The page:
I’m also not a doctor, but this sounds inline with my experience and understanding. There are other important details a lot of doctors don’t dig into, but that level of detail is beyond this discussion.
My wife & I tackled this issue at the beginning of 2019. We are taking a staged approach each quarter and adding more actions, depending on results at the end of each Qtr.
1st Qtr – Started 48 hr continuous fast weekly, increased fiber with supplement 30 minutes prior to meals and fish oil supplement daily. Implement other various dietary changes. After 3 months my wife dropped 30 pts, but I didn’t drop any.
2nd Qtr – Do everything from Qtr 1 and add regular cardio exercise routine.
3rd Qtr – Obtain updated test results and depending on results from Q2, add further supplements. Researching plant sterols, Red Yeast Rice and other options. Although these are natural, they can have similar side effects as medical grade statins.
4th Qtr – Obtain updated test results from Q3 and depending on results, talk to doc about starting entry level statin dosage.
One thing the FI community may like to know about is online health diagnostic vendors we discovered a few years ago. You order your tests online (Blood, Urine, etc.) and prepay at significant discount. From there, you go to local vendor and have samples taken. Since they are prepaid, you don’t pay anything or provide any insurance info at the vendor. They process the samples and e-mail the results to you directly. This option is often cheaper than using my health insurance for these tests. I do this just prior to annual physical and simply bring a copy of the results to my doctor, so they review and place it in my file. Our latest favorite vendor is ultalabtests.com.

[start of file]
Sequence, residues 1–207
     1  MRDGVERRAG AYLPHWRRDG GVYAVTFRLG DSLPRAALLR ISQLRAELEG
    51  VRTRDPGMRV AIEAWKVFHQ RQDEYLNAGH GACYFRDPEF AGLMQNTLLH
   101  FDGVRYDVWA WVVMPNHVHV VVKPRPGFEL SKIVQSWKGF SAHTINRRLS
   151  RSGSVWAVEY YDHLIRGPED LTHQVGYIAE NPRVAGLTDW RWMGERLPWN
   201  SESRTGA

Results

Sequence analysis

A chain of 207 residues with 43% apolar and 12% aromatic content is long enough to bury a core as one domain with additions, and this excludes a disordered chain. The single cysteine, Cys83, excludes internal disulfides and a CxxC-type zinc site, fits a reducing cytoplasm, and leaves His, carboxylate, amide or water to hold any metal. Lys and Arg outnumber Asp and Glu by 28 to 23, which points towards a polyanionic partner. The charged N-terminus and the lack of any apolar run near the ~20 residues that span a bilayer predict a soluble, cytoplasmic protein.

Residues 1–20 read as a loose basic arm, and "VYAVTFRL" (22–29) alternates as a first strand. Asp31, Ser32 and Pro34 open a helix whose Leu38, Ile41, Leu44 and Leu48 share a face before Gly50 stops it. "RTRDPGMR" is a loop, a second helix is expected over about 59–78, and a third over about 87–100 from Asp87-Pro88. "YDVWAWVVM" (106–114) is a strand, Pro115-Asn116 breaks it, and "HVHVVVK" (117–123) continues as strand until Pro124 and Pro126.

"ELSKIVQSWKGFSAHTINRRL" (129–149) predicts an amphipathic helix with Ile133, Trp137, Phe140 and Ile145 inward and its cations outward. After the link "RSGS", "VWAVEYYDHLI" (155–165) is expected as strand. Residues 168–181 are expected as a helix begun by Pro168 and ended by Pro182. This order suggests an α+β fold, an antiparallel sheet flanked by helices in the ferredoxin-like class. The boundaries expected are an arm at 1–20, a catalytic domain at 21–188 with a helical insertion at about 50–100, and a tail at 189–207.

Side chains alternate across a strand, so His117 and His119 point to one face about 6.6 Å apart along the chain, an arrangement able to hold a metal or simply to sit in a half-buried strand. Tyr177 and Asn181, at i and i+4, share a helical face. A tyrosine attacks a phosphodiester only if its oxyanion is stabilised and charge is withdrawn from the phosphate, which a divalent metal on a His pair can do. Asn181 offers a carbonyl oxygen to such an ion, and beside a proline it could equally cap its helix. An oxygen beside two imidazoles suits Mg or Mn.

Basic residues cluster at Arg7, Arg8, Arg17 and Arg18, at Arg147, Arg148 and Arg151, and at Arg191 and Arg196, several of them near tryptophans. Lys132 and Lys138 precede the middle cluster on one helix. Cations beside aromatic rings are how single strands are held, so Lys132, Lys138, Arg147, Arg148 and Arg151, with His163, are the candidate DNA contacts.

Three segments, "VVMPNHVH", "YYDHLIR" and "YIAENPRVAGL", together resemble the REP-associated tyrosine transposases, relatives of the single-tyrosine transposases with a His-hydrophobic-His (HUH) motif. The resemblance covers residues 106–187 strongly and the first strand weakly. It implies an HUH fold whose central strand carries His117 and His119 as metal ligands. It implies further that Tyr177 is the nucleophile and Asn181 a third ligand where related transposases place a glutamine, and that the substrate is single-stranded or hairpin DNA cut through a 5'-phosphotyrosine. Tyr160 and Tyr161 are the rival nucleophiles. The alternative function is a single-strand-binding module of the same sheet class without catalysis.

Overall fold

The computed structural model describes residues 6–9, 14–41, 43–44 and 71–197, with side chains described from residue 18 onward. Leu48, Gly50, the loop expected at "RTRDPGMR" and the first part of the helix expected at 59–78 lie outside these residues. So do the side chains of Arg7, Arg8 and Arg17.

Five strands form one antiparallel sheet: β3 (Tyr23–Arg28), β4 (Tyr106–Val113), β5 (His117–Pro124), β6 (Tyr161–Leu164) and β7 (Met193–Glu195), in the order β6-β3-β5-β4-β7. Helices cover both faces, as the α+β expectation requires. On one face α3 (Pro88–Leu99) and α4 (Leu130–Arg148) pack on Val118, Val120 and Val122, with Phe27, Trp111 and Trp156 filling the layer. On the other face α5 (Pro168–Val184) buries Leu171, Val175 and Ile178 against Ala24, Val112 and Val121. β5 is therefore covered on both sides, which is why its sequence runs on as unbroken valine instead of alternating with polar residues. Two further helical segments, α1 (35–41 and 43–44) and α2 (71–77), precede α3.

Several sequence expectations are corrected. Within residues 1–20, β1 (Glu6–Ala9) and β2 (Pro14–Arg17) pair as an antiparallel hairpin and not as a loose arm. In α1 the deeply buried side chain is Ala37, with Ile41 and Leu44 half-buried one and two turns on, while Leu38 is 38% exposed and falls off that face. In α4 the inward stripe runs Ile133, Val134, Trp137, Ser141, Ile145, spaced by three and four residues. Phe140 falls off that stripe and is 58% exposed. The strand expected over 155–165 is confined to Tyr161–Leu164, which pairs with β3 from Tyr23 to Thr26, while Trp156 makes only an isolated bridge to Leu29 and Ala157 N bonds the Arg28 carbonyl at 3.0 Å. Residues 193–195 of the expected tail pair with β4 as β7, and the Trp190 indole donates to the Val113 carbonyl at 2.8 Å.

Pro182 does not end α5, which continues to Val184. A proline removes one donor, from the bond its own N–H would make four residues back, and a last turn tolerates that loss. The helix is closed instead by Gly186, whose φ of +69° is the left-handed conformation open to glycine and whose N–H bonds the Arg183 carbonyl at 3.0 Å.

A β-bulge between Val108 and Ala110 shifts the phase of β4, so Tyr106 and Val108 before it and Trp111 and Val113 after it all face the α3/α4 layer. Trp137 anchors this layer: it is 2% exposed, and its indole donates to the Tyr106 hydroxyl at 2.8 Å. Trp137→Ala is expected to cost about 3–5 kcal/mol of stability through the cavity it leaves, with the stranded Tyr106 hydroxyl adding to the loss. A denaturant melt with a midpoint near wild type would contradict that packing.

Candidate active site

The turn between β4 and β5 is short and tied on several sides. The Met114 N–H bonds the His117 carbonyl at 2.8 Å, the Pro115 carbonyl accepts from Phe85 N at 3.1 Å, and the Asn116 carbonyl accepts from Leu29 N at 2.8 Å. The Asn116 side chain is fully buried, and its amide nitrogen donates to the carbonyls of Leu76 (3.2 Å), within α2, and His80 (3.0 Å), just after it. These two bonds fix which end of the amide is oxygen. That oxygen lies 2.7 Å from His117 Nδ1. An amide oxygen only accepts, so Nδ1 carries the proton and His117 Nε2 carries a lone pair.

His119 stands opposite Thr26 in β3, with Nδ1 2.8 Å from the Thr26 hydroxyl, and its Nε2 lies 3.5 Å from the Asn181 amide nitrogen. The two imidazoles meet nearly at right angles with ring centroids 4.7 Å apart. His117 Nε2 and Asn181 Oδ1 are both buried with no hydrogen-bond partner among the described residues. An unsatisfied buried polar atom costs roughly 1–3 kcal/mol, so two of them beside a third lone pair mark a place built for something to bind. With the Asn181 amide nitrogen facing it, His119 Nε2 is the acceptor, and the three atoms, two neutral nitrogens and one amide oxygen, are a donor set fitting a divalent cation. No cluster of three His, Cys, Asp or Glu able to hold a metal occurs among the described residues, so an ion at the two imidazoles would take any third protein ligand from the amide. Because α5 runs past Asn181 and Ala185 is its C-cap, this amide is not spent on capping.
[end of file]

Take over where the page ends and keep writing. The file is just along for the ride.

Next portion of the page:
Considering the escalating healthcare costs in the US and the extremely slow progress our elected officials have made on this issue, managing your personal health seems like an important aspect of preparing for and living through early retirement.
Originally posted at https://esimoney.com/retirement-update-2-75-years/